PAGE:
Shopping Cart -

Your cart is currently empty.
Upgrade to today
for only an extra Cxx.xx

You get:

plus This issue of xxxxxxxxxxx.
plus Instant access to the latest issue of 350+ of our top selling titles.
plus Unlimited access to 30000+ back issues
plus No contract or commitment. If you decide that PocketmagsPlus is not for you, you can cancel your monthly subscription online at any time. Auto-renews at $9.99 per month, unless cancelled.
Upgrade for 99c
Then just $9.99 / month. Cancel anytime.
Learn more
Pocketmags Digital Magazines
US
Pocketmags Digital Magazines
Read anywhere Read anywhere
Ways to pay Pocketmags Payment Types
Trusted site
At Pocketmags you get
Secure Billing
Great Offers
Web & App Reader
Gifting Options
Loyalty Points

Great Fire of London

How the ferocious blaze of 1666 destroyed the capital
LONDON’S BURNING What began as a small fire at a bakery spread into a devastating inferno that engulfed the capital

The date was Sunday 2 September 1666, and Samuel Pepys was enjoying a good night’s rest. The previous day he’d been to the theatre, avoided someone he didn’t like and repaired to Islington. He ate, drank and became “mighty merry”, before singing all the way home, writing some letters and falling into bed. Hardly surprising, then, that when his maid called him at three o’clock in the morning to look at a fire across town, he decided it was far enough away not to worry about and went straight back to sleep.

CITY IN FLAMES Old London Bridge, houses and churches blaze as the fire sweeps along the north bank of the Thames

Pepys wasn’t the only one. The Lord Mayor, Sir Thomas Bloodworth, took one look at the blaze, declared “a woman might piss it out,” and dived back under the covers. In the days that followed, his weak leadership added fuel to a fire that became one of the greatest catastrophes the city has seen. A spark from a baker’s oven grew into an all-consuming monster that lasted four days. The immediate aftermath was homelessness and ruin for thousands, but the effects can still be seen today.

BLAZING SQUAD The Watch tackles the flames with a ‘squirt’

“The Great Fire is such a well-known disaster it becomes a myth rather than a story,” says Meriel Jeater, curator of the Museum of London’s ‘Fire! Fire!’ exhibition, commemorating the disaster’s 350th anniversary this month. Modern archaeology, X-ray and microscopic techniques are still uncovering secrets. “We want to reveal the personal stories, we have actual burnt, melted things and fascinating, less-well-known accounts.”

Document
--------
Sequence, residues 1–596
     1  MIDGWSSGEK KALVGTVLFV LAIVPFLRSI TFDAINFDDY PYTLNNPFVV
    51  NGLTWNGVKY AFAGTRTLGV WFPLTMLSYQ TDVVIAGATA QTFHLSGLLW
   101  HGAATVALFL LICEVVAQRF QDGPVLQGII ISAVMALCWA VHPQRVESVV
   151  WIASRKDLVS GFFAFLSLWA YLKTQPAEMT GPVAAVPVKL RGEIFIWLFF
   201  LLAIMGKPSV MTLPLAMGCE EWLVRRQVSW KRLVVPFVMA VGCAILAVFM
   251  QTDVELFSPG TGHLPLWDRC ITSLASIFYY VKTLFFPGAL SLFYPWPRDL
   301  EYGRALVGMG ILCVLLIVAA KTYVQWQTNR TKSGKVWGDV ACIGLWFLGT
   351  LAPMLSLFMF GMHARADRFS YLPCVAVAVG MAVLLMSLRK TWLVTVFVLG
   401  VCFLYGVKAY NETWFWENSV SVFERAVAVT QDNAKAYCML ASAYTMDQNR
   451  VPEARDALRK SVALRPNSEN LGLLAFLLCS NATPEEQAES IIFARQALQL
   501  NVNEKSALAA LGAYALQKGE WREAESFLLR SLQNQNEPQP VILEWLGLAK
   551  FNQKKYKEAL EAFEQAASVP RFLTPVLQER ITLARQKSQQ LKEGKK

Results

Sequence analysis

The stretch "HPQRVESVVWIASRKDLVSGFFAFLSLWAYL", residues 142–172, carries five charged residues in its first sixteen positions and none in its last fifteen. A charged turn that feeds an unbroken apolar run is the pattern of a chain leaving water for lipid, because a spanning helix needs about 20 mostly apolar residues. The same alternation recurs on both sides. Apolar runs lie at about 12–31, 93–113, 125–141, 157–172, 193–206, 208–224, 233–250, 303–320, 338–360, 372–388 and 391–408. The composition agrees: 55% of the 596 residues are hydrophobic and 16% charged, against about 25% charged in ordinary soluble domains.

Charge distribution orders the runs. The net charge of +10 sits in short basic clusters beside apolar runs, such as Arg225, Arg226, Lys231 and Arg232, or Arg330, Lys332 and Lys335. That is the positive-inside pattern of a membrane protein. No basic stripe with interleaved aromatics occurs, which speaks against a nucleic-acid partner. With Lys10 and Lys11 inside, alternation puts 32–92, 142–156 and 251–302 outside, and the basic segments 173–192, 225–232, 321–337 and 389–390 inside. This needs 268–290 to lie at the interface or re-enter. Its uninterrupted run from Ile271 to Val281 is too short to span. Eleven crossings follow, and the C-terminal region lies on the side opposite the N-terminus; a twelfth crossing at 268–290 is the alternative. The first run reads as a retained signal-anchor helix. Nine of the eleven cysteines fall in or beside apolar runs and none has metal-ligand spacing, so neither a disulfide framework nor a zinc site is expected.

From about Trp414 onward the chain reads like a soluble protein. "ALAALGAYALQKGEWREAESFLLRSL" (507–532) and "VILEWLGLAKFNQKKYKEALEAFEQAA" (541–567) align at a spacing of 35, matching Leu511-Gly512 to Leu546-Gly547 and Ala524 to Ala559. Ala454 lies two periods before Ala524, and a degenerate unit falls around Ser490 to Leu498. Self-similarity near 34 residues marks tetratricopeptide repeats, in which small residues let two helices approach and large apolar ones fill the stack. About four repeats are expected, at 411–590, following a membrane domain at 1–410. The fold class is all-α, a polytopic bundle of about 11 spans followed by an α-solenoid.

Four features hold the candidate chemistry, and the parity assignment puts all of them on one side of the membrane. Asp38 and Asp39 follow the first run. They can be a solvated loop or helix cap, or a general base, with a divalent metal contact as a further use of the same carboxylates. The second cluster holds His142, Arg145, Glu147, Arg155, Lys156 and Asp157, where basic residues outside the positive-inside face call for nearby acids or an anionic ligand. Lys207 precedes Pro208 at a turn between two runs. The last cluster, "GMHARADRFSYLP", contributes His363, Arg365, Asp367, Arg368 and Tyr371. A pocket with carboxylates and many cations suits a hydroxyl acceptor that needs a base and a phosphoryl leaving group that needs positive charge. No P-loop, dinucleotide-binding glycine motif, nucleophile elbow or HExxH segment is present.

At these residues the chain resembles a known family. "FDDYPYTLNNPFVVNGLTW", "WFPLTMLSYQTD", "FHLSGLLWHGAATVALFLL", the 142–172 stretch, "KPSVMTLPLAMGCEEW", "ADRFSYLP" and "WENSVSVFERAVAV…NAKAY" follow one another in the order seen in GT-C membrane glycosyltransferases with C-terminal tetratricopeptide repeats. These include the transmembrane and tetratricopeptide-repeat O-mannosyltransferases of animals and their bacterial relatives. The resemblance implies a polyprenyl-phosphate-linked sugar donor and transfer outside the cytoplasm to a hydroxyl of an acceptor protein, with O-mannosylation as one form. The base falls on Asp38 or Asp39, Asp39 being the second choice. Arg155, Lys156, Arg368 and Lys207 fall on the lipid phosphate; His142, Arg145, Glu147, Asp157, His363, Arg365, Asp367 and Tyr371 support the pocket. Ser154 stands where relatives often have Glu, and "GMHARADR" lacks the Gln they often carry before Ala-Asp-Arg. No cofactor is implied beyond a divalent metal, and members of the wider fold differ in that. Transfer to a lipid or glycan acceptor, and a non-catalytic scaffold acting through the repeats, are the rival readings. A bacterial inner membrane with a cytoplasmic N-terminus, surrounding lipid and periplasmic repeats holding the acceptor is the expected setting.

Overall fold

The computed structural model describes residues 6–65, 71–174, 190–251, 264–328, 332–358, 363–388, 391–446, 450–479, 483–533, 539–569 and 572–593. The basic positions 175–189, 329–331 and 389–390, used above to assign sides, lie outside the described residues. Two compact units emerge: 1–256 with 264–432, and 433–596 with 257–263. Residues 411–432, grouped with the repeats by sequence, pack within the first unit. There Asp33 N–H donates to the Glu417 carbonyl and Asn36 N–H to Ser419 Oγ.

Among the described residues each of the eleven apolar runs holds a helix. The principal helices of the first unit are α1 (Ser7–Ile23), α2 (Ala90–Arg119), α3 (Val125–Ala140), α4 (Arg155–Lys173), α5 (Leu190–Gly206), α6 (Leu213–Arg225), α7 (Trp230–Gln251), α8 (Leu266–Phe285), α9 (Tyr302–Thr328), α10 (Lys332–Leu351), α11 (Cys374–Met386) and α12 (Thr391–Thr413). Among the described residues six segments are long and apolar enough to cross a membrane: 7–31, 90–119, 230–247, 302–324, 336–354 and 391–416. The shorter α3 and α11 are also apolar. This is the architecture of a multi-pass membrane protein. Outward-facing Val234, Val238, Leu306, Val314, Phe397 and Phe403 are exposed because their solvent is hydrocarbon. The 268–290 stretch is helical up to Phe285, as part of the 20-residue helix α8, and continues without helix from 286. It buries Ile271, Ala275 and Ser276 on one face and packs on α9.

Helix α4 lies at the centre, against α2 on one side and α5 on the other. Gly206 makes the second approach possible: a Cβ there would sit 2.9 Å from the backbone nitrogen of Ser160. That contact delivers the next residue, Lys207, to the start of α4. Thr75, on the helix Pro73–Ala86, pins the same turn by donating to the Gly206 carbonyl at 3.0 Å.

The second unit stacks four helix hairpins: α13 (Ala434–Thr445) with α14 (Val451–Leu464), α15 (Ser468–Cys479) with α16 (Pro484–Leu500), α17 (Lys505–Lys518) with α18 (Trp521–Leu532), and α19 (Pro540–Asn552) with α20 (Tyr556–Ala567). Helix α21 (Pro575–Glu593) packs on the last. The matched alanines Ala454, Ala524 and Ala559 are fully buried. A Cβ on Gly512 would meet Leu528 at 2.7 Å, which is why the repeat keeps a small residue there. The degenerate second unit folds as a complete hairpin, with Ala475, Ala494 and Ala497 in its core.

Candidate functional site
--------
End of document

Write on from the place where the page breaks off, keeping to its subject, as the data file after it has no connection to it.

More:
“Pepys decided the fire was far enough away not to worry about and went back to sleep”

The myth began when someone in Thomas Farynor’s Pudding Lane bakery failed to securely damp down the oven before going to bed. By Monday evening, 300 houses had burned – the final toll would top 13,000.

FORCED TO FLEE

As panic spread, people poured down to the river to escape. Others loaded their belongings onto carts or buried them in their gardens, before fleeing on foot.

Every church had rudimentary fire-fighting gear, including leather buckets
ART ARCHIVE X1, ALAMY X1, BRIDGEMAN IMAGES X1, GETTY X2, TOPFOTO X1, MUSEUM OF LONDON X1
READ MORE
Purchase options below
Find the complete article and many more in this issue of BBC History Revealed Magazine - September 2016
If you own the issue, Login to read the full article now.
Single Digital Issue
September 2016
$4.99
This issue and other back issues are not included in a new BBC History Revealed Magazine subscription. Subscriptions include the latest regular issue and new issues released during your subscription.
Annual Digital Subscription
Only $ 3.15 per issue
SAVE
37%
$40.99
6 Month Digital Subscription
Only $ 4.15 per issue
SAVE
10%
$26.99
Monthly Digital Subscription
Only $ 4.61 per issue
$4.99

View Issues

About BBC History Revealed Magazine

September 2016 issue of History Revealed.